Tag Archives: Commercial Lease

Landlord/Tenant – Commercial Lease – Appeals – Preservation of Issues – Security Deposit (access required)

Atlantic Coast Builders & Contractors, LLC v. Lewis The master in equity found for the plaintiff-tenant on three causes of action – negligent misrepresentation, breach of contract, and unjust enrichment – but the defendant-landlord appealed only the findings of liability for negligent misrepresentation and breach of contract and not the finding of liability for unjust enrichment.

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Contract – Real Property — Commercial Lease – Service Station – Fuel Purchase Agreement – Covenant Not to Compete (access required)

BP Products North America Inc. v. Stanley The 4th Circuit reverses summary judgment for defendant service-station operator in plaintiff fuel distributor’s suit to enforce a restrictive covenant that was part of a Purchase Sale Agreement and deed and prohibited the service-station operator from selling non-BP branded products or offering certain automotive services; in a 2-1 split, the panel majority says Virginia courts apply a different test to allow broader restrictions for noncompetes in purchase agreements, but a dissent says Virginia won’t allow “blue-penciling” the contract.

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Landlord/Tenant – Commercial Lease – Statute of Limitations – ‘Common Expenses’ – Evidence – Attorney’s Fees (access required)

Port City Ltd. Partnership v. City of Charleston The parties entered into lease agreements for two offices in 1994 and 1996, respectively, and each lease required the defendant-tenant to pay its share of “common expenses.” Where the plaintiff-landlord did not request payment for common expenses until 2005, the trial court correctly ruled that the landlord’s claim for monies due prior to 2002 was barred by the statute of limitations. We affirm the trial court’s ruling as to the statute of limitations but reverse on the issues of the meaning of the term “common expenses” and the denial of attorney’s fees.

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Simple lease dispute requires high court’s attention (access required)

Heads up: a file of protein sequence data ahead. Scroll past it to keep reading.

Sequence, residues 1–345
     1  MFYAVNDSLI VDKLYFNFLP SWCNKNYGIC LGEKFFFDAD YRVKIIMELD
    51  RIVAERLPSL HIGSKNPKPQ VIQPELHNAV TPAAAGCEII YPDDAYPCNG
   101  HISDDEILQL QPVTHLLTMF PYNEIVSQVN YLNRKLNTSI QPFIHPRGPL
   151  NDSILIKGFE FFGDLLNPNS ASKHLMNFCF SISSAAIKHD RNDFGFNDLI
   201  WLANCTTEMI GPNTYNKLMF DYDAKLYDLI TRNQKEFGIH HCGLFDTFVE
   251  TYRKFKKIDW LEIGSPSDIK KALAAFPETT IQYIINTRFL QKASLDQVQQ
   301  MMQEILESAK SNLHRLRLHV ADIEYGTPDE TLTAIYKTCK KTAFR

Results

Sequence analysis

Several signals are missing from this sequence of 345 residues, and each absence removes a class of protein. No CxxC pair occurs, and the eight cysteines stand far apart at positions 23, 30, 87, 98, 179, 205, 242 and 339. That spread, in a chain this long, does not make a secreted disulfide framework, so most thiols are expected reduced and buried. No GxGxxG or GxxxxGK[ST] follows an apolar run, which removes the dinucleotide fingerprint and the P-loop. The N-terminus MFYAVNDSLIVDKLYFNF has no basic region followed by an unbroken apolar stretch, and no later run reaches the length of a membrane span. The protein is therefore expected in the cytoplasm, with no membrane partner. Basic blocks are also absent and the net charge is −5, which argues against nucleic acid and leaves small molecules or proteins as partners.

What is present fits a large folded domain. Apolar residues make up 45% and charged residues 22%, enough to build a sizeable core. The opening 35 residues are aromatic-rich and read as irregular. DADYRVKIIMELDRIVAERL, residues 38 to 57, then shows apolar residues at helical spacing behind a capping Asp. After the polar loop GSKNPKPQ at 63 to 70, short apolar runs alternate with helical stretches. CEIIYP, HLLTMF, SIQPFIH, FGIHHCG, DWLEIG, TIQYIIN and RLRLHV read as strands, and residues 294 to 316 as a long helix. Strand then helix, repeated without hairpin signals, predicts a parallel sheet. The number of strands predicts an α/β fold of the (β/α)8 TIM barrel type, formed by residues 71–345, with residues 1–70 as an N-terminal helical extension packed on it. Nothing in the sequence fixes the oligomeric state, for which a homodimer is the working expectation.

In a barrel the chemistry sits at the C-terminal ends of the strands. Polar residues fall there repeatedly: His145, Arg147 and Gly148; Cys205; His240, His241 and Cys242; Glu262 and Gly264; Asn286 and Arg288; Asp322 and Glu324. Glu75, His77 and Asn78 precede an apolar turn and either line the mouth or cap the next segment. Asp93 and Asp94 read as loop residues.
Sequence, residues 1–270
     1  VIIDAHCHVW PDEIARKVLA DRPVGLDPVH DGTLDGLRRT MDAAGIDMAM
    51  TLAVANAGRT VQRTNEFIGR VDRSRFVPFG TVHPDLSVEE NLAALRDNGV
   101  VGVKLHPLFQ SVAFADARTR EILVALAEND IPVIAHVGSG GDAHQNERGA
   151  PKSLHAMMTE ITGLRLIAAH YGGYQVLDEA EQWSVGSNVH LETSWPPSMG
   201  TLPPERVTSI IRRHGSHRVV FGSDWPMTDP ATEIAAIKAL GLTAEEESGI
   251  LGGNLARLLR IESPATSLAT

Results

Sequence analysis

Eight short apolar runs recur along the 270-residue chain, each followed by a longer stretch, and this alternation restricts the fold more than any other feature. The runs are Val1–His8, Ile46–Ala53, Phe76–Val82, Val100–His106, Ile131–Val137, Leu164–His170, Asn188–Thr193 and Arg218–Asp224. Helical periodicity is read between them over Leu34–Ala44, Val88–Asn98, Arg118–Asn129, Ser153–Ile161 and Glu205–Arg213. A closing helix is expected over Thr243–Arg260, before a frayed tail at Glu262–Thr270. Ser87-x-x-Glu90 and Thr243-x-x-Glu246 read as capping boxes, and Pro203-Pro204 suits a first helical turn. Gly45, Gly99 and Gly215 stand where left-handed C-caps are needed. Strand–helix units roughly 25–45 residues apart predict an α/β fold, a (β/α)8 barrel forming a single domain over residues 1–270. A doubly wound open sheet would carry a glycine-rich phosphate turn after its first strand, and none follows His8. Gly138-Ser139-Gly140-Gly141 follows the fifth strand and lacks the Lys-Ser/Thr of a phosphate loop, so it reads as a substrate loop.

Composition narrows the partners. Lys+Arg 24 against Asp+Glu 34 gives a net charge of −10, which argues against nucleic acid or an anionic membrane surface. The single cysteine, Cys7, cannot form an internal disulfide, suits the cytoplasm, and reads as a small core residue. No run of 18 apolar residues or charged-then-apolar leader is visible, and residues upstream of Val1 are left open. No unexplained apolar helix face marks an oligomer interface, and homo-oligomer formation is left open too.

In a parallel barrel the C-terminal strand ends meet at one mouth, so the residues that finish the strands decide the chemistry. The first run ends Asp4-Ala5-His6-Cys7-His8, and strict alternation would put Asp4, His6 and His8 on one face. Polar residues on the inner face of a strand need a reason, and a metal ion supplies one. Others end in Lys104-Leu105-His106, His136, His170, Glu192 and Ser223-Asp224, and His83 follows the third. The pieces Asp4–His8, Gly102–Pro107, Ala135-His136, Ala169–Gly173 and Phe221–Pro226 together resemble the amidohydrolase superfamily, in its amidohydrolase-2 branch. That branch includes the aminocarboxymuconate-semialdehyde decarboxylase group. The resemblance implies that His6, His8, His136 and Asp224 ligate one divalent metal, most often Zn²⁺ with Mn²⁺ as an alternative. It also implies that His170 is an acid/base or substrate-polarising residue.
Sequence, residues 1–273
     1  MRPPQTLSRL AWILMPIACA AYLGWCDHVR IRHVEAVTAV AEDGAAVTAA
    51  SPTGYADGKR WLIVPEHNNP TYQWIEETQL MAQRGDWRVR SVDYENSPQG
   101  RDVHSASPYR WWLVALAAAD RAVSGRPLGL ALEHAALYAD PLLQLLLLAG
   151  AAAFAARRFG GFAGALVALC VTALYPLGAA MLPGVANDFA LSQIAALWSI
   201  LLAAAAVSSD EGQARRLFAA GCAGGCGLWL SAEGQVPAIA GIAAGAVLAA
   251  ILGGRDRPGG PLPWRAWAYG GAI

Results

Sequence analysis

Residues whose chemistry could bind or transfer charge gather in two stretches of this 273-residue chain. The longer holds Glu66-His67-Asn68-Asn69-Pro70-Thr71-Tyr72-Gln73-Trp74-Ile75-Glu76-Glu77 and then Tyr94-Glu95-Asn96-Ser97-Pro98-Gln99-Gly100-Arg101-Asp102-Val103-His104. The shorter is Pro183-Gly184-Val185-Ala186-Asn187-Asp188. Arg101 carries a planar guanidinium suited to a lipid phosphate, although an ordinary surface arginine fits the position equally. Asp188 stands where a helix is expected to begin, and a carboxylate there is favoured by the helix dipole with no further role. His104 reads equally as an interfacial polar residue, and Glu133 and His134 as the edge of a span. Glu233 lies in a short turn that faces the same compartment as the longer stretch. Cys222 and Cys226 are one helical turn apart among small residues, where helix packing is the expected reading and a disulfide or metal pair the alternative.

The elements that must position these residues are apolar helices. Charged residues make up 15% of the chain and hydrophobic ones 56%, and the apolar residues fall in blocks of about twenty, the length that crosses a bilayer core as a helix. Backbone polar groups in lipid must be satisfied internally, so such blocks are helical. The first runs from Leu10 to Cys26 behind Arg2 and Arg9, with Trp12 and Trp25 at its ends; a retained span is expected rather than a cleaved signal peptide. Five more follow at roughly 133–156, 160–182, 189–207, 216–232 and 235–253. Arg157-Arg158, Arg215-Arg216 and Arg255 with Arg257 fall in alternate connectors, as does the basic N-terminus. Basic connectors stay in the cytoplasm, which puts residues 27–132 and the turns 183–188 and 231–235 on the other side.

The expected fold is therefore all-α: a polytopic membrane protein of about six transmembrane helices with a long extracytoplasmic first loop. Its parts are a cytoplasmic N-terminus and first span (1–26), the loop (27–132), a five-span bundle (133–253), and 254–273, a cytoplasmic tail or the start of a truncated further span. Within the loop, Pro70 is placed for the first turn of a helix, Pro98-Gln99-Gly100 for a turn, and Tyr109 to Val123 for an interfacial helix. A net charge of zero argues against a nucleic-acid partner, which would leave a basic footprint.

A simple commercial lease involving a simple mistake led to a simple disagreement. That led all the way to the S.C. Supreme Court in Atlantic Coast Builders and Contractors v. Lewis, where the high court’s justices disagreed over simple appellate procedural rules that ended the case, for now. In a Sept. 26 opinion, the high court majority, applying the “two issue” and “law of the case” rules, upheld Beaufort County Circuit Court Judge Curtis L. Coltrane’s ruling in favor of Atlantic Coast Builders and Contractors in its dispute with landlord Laura Lewis. The issue in Atlantic came down to who – landlord or tenant – was responsible for checking applicable zoning regulations before entering into a lease agreement. Atlantic sued Lewis after a zoning officer told the company it needed zoning permits to use the property for a building and construction office. Columbia attorney Hemphill Pride II (pictured) represented Lewis.

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Contract – Commercial Lease – Unjust Enrichment – Security Deposit (access required)

Atlantic Coast Builders and Contractors, LLC v. Lewis Where the respondent sued after discovering the office space it contracted to lease was actually zoned rural and prohibited almost all commercial uses, the Court of Appeals properly found that: (1) the two-issue rule precluded addressing the merits of petitioner’s argument since she failed to challenge all three grounds on which the master’s judgment was based; and (2) the issue regarding the security deposit was not preserved for appeal since petitioner never argued until direct appeal that she should retain the security deposit.

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Landlord/Tenant – Commercial Lease — Civil Practice – Statute of Limitations – Contract – Real Property (access required)

Palmetto Co. v. McMahon Even though the plaintiff-landlord titled its action as one for distraint, its claim for rent arose out of a commercial lease with the defendant-tenant, not out of its title to real property. Because a lease is a contract, the three-year statute of limitations applies.

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